School digital: digitization of education – at the crossroads


The digitization of education has been called for for years, but the coronavirus pandemic has given this requirement a whole new level of urgency. So that children are not dependent on how fit their parents, school administrators and teachers are, framework conditions must be created that enable the greatest possible participation.

So how should digitization be implemented in our educational institutions? How has it gone so far? Which tools and equipment have already proven themselves, which should and should come? And what could the school look like in a few decades – after a major boost to digitization? Our series of articles “School digital” would like to shed further light on these questions.

The day on which schools in Baden-Württemberg were to close and the teaching would change in a way that no one would have thought possible was just as strange as everything that followed. In Baden-Württemberg, on Monday, March 16, all students and teachers went to school as usual. But the mood was anything but ordinary.

As a class teacher in a 6th grade and as a German teacher in other classes in the middle and upper grades, it was clear to me that we had to use the last few hours sensibly. Because the only thing more difficult than digital distance learning is to explain digital distance learning – via digital media and at a distance. I wasn’t worried about high school. This was due to a special preparation and a simple change in the functions of those media with which the older pupils were already working. But more on that later.



Bob Blume is senior teacher at the Windeck-Gymnasium in Bühl and teaches English, German and history. In addition to his work as a teacher, he runs a YouTube channel and a blog in which he writes about the challenges of the legal clerkship, the opportunities of digitization and political issues. As a “network teacher” he is on Twitter and also runs a podcast with this name. He also publishes for newspapers and articles in various online magazines – when he is not enjoying life in the Offenburg vineyards with his daughter and wife. More from the author: Blog www.bobblume.de, Twitter @blume_bob, Instagram: @Netzlehrer, Podcast “Netzlehrer”, Youtube https://www.youtube.com/user/Coymister



How should digitization be implemented in our schools? How has it gone so far? This is what our series of articles would like to illuminate.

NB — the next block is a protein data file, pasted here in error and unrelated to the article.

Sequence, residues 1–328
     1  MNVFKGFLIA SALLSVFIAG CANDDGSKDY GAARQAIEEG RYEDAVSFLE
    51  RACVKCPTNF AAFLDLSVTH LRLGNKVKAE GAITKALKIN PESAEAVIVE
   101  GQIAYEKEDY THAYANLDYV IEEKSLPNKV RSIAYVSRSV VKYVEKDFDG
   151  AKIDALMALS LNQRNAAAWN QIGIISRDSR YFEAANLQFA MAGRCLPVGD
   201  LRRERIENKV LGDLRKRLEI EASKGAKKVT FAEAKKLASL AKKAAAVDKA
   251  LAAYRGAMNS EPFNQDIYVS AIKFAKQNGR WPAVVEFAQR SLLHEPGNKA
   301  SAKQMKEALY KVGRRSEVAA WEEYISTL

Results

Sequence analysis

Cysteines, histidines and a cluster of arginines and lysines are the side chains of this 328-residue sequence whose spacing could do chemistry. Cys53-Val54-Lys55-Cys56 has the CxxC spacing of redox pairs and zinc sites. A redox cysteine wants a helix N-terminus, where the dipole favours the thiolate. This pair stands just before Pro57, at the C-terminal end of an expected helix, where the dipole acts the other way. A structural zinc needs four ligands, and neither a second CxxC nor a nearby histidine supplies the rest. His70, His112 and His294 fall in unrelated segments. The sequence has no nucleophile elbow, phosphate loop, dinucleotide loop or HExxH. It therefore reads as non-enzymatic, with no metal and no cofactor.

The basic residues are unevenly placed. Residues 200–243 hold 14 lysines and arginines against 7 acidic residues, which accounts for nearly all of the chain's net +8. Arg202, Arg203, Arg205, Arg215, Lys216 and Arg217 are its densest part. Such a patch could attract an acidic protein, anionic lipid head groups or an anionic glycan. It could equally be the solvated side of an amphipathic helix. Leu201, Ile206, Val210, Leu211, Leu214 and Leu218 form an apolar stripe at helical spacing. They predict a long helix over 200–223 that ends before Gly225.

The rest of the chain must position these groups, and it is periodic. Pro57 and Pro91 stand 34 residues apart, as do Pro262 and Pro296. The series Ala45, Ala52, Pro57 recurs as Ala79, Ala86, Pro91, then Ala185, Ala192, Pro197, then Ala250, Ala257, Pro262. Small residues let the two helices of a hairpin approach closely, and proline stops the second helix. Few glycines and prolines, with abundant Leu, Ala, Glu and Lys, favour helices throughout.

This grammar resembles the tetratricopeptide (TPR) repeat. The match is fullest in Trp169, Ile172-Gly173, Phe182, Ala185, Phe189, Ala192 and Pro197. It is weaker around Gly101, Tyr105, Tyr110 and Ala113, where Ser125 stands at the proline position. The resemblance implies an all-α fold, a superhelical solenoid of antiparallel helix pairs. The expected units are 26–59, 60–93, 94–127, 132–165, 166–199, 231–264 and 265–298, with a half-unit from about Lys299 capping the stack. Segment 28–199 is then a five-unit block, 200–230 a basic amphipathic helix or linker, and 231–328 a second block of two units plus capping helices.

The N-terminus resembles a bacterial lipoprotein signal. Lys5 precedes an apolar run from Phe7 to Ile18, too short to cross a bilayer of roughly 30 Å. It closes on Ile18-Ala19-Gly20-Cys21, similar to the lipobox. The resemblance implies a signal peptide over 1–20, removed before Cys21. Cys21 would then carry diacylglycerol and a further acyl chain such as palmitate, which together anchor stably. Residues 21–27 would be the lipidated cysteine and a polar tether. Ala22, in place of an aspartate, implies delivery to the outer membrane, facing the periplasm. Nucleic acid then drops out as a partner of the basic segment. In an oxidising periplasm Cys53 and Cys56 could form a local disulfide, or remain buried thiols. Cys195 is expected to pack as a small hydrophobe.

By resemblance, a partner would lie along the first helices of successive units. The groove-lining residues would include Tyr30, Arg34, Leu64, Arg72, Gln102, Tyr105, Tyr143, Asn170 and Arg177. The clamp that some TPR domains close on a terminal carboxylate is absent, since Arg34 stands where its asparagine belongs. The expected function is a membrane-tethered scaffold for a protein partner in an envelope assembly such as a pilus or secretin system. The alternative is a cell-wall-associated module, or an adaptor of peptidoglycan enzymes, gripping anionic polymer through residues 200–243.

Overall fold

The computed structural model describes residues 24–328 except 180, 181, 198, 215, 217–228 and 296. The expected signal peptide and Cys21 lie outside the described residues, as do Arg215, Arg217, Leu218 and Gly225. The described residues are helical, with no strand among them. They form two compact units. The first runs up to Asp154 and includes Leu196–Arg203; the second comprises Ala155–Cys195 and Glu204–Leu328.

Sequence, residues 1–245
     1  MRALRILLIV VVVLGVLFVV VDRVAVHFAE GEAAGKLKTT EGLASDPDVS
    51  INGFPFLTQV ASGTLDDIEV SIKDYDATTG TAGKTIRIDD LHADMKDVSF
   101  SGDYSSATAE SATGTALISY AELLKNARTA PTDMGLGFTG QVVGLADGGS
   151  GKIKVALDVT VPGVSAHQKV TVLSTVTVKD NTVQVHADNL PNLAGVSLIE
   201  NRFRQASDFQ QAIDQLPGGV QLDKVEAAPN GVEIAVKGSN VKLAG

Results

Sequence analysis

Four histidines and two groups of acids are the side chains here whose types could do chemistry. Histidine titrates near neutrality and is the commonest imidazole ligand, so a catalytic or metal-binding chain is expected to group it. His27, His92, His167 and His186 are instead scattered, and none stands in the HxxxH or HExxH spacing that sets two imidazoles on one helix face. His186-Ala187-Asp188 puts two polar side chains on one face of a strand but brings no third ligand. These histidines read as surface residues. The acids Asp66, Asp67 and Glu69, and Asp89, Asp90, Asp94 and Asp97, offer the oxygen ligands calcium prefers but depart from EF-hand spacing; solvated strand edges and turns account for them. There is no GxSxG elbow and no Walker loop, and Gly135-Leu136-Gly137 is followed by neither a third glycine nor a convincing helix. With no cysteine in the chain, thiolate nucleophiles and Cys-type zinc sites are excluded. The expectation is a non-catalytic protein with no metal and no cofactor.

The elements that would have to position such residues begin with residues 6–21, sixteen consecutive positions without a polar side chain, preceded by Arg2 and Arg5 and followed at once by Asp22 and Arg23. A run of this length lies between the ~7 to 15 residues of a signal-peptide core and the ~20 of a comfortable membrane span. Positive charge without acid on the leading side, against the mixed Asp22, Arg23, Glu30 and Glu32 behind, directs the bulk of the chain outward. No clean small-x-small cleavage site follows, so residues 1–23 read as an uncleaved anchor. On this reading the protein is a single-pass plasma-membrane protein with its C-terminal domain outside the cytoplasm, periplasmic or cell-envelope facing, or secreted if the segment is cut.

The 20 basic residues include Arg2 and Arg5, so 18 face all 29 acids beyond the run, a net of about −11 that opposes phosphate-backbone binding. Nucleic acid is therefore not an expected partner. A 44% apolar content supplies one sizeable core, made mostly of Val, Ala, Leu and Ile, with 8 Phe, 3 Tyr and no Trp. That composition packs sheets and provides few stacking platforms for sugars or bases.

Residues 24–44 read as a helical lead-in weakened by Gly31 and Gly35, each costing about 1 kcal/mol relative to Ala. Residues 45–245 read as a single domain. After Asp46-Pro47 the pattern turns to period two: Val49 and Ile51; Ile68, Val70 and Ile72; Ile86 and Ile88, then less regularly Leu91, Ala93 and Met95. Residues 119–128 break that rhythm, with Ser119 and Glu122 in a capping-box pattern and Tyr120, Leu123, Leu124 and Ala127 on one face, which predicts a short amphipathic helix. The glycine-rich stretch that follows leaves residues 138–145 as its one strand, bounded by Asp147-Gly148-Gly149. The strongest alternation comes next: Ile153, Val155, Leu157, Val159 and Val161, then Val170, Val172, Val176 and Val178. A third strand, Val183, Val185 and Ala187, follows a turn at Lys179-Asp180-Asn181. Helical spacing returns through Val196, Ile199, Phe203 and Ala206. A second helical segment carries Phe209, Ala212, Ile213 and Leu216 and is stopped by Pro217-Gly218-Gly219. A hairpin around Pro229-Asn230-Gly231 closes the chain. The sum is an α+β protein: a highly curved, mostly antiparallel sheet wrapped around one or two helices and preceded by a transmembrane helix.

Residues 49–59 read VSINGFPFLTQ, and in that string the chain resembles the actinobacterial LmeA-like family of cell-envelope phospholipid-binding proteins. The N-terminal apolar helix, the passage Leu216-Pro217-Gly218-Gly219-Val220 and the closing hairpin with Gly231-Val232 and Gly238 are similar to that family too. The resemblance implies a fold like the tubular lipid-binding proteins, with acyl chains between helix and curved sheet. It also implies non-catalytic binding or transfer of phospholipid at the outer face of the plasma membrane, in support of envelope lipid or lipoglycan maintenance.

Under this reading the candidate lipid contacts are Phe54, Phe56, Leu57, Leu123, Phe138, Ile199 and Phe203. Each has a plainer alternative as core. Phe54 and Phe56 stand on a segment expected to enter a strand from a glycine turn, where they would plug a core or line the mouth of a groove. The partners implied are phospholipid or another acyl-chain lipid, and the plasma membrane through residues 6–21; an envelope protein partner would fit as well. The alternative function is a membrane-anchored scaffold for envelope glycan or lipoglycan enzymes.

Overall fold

In the 6th grade, in which I as a German teacher should give media education once a week, I had two hours on this Monday to prepare for the next time. How do I handle this?

The general conditions at our school are good compared to many schools in the country that I got to know as a teacher who is networked with many other teachers; you probably have to say: very good.

We have few iPads and two out of three computer rooms are arranged in a military-style side by side. But the system administrator, who always works beyond the limits of resilience, had prepared the most important digital framework for some time: The Nextcloud as a cloud system that is hosted locally and is therefore secure against data protection.

One cloud for students and one for teachers. The infrastructure for ongoing operations was there. And last but not least, the know-how to keep the infrastructure needed for the next few months running. Another committed colleague implemented the Untis Messenger for this purpose. In theory, this meant that all students could communicate with each other and with all teachers. And that safely and without problems. Theoretically. Because up to now the system had never been as busy as a day later, on which nothing worked at all.

And last but not least, after a productive conference at the end of the last school year, we managed to get our colleagues on board to organize an educational day on the subject of “reflective learning in the digital world”. This somewhat cumbersome name is extremely important for learning under the condition of what the cultural scientist Felix Stalder calls “the culture of digitality”. It should not only be about how to transfer the content that is specified in the curriculum 1: 1, but also about how dealing with digital learning environments can also be used for productive further development of learning, i.e. school development.

For this reason, the preparation for the educational day was more than just organizing motivating speakers. Because although Alexander Fischer from the local media center and the winner of last year’s German teacher award, Sebastian Schmidt, provided additional input, the main responsibility lay with the colleagues. They were instructed by me and prepared so that they could give the workshops themselves. The idea: helping people to help themselves enables a broad group of people who dare to work with new technical possibilities.

If the colleague from my own student council shows me how I can organize my English lessons, that’s different from being a dazzling external speaker. It worked. Whether blogging, working with the visualizer or the messenger or different video and audio formats – everything could be tried. Some of the colleagues were so enthusiastic that it almost pained them to have to say that, unfortunately, they would now come back to normal everyday life and would certainly forget everything. At least that’s what they thought. It was February 20, 2020.

So about a month later, I was standing in the “large media room” and explaining to the children how they could name files. We had previously worked with Etherpads, those collaborative word processing programs based on open software. That seemed like a good basis to me. But now I thought of the chaos in some school bags and practiced naming files with the children for two hours. If that were done, I thought, I would at least be able to keep track of things.

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